Henna

Henna is a dye made from a flowering plant, Lawsonia inermis, to dye skin, hair and fingernails. It has been used for thousands of years across many cultures as an important part of ceremonys and rituals.

Freshly applied henna

Carl Bento © Australian Museum

In the north and west of India, Mehendi is an important part of the wedding ceremony. It is believed that the deeper the colour obtained on the skin, the longer the love between the couple will last. The application of Mehendi is like a prayer for everlasting love and a successful marriage.

Mehendi has become popular in the west because women like to decorate their bodies. The dye is temporary, so old designs fade and new designs can be made. Mehendi has cooling properties in summer. Where I am from [Rajasthan], Mehendi is also an important part of religious life.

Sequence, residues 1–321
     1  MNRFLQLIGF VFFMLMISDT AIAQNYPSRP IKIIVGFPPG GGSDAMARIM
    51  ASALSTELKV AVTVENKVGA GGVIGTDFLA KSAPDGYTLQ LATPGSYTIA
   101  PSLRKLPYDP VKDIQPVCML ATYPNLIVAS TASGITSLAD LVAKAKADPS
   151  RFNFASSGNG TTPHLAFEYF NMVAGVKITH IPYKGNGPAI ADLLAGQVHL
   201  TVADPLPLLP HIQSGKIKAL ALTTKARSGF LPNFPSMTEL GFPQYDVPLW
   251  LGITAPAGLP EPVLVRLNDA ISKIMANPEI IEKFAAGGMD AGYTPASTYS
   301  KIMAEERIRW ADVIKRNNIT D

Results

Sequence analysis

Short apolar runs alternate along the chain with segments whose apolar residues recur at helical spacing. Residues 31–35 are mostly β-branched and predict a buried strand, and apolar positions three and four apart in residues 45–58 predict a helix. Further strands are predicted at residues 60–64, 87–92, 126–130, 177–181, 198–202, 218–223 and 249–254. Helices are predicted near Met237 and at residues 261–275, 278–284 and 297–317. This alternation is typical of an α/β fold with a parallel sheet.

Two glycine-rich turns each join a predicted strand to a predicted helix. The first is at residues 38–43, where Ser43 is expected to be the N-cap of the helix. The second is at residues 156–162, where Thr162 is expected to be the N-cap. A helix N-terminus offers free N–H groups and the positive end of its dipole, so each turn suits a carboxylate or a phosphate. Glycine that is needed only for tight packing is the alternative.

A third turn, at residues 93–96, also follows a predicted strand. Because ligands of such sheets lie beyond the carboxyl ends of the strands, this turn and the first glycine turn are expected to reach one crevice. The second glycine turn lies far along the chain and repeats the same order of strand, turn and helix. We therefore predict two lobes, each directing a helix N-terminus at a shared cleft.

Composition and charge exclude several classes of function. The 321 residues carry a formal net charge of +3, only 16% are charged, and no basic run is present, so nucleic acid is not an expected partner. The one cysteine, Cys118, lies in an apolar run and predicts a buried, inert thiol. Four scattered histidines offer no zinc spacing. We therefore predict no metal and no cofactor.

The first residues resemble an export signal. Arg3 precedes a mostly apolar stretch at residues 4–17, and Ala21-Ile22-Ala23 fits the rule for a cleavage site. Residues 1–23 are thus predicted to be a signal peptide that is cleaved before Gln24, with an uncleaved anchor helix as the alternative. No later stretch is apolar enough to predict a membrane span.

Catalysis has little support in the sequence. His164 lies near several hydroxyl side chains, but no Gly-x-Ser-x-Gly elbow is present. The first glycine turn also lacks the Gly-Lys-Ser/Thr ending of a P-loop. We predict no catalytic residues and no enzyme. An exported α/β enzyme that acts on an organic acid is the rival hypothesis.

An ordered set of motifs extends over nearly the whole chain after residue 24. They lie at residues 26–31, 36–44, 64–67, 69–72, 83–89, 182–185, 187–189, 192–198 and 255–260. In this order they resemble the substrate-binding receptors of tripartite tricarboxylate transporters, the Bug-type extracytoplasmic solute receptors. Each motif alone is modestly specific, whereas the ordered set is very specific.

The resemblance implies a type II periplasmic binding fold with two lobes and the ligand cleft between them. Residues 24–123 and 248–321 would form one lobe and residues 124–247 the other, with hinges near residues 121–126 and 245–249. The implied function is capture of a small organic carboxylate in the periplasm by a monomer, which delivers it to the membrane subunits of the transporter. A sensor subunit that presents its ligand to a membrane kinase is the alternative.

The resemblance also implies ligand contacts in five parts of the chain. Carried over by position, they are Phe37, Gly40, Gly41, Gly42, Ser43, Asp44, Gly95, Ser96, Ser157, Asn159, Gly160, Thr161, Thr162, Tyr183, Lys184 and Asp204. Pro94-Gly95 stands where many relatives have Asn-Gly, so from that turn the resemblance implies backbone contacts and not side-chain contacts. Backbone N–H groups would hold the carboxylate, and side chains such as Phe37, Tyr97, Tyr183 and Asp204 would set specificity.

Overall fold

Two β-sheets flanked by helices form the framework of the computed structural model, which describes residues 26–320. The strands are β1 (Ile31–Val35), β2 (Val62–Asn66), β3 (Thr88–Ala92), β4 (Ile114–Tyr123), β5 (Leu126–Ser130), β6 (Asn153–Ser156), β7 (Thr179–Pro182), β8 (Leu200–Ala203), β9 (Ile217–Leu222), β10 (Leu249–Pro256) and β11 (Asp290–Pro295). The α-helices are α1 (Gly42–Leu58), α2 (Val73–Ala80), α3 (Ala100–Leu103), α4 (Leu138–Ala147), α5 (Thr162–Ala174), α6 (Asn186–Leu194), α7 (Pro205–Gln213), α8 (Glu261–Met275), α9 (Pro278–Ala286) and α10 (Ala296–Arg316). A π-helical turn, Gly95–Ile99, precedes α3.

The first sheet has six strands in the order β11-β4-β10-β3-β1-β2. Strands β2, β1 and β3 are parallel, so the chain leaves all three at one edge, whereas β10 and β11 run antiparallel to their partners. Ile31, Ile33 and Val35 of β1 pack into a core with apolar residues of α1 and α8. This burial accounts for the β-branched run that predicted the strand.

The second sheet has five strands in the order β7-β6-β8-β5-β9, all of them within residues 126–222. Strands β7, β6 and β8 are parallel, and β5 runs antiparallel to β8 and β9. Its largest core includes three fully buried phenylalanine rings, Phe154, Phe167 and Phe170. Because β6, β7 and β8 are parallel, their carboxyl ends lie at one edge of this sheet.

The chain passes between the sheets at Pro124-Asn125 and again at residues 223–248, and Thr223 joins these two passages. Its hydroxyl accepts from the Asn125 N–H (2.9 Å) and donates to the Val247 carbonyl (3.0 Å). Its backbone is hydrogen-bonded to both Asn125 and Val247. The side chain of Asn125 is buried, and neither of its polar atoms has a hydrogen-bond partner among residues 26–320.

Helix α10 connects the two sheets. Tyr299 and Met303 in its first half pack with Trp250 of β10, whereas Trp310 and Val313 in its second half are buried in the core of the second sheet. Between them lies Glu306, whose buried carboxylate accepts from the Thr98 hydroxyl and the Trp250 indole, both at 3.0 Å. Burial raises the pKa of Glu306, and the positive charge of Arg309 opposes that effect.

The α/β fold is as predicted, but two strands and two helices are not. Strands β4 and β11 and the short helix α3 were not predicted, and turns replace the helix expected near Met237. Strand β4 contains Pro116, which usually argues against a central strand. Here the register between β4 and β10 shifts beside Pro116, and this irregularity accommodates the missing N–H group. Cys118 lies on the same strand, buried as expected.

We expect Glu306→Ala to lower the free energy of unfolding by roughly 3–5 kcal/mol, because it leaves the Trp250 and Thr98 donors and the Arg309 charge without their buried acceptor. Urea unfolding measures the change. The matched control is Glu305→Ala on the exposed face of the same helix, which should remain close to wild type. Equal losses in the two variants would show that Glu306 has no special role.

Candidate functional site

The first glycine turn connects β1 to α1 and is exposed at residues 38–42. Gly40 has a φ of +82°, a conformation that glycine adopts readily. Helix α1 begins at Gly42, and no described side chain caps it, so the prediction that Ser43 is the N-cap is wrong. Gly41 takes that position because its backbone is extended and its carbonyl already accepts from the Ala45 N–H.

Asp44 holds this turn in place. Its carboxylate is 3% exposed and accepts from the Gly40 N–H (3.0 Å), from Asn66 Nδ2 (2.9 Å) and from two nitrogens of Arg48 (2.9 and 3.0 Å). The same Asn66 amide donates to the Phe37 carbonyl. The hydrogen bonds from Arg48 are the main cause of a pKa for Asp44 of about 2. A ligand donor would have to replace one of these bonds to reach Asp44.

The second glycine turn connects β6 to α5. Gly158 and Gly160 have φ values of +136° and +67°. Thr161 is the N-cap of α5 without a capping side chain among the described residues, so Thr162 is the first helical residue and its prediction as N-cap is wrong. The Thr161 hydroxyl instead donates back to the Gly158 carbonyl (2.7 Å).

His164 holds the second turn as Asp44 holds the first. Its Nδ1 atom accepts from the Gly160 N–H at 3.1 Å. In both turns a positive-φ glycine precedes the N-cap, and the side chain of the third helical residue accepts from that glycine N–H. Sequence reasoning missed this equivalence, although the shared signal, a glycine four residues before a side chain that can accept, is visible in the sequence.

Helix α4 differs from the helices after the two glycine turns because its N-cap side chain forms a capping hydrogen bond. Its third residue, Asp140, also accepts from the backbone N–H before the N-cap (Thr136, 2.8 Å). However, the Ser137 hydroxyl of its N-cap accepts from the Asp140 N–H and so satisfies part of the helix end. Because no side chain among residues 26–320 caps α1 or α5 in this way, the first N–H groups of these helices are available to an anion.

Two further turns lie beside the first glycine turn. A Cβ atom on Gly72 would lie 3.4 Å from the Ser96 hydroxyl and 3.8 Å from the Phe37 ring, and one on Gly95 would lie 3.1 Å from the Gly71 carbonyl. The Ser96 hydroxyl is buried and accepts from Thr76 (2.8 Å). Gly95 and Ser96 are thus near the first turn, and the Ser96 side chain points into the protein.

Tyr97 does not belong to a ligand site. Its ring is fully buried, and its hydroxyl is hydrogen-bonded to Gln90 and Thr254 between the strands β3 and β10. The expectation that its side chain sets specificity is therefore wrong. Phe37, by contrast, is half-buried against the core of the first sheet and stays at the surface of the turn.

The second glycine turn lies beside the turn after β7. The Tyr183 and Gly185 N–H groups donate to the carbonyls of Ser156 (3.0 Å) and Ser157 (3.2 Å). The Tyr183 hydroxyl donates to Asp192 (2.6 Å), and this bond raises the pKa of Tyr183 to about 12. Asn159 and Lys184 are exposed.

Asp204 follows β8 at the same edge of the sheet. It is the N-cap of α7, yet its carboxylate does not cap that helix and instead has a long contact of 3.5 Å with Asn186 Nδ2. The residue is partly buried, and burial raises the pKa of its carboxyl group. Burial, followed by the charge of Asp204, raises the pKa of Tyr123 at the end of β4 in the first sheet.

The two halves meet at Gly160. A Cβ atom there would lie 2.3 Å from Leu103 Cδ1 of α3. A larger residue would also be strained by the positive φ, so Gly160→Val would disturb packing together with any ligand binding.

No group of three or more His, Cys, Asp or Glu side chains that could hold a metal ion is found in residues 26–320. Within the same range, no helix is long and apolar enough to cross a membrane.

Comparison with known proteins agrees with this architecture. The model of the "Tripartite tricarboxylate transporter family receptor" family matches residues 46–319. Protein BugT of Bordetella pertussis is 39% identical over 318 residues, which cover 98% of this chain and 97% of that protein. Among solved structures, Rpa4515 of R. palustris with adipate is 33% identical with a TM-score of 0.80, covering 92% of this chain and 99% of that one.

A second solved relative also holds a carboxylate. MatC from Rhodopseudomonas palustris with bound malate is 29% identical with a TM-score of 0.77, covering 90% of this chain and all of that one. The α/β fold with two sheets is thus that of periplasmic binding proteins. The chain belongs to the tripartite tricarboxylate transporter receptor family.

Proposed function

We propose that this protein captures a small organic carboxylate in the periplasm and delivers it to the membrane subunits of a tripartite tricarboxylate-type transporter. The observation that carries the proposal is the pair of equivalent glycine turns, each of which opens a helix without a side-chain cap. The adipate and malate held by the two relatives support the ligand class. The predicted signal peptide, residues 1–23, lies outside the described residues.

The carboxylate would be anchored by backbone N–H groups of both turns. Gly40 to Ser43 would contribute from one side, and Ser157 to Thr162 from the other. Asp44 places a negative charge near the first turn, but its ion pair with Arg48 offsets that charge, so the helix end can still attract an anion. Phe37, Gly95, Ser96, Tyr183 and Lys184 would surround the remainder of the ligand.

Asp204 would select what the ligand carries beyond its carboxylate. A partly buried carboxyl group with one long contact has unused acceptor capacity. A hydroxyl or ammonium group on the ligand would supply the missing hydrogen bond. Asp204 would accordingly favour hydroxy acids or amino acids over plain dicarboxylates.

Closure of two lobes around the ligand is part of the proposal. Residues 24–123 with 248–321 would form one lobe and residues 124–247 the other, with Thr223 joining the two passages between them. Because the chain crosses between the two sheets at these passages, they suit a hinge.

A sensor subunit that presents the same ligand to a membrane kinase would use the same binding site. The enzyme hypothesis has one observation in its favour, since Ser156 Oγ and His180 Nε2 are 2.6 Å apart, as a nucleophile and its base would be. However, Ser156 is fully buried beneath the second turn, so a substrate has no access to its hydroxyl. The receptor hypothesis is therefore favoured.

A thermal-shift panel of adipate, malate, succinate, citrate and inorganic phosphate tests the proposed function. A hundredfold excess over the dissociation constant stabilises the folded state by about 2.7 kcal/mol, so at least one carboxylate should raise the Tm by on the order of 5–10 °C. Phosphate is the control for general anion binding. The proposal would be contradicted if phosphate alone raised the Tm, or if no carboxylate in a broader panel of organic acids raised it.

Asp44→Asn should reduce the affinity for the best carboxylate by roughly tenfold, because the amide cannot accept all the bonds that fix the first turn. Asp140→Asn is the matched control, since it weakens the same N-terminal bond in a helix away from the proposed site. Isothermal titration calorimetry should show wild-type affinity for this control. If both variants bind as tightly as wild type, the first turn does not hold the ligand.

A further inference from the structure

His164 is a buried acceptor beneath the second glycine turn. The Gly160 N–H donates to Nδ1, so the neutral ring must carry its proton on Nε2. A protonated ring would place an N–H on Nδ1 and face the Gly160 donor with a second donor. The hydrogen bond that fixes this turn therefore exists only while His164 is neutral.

Padma Jaim

In India, Africa and the Middle East, the art of painting the body from the crushed leaves of the henna plant has been practised for over five thousand years. Henna has long been used to decorate the body for important occasions and celebrations.

In Morocco, henna patterns are used to protect the wearer from evil, and to promote luck and fertility. Henna is regarded as having Baraka (blessing) and it has the power to dispel djinn (evil spirits) who can cause diseases and sterility.

Henna in Sudan means happiness. Through henna, a wife expresses her love for her husband. When a woman does not wear henna, she expresses either grief through death or lack of love. Men wear henna for weddings only in flat colour without design. It is used for hair colouring and strength. It works as a cooling agent for the body.

Thoria Yagoub, Henna Artist


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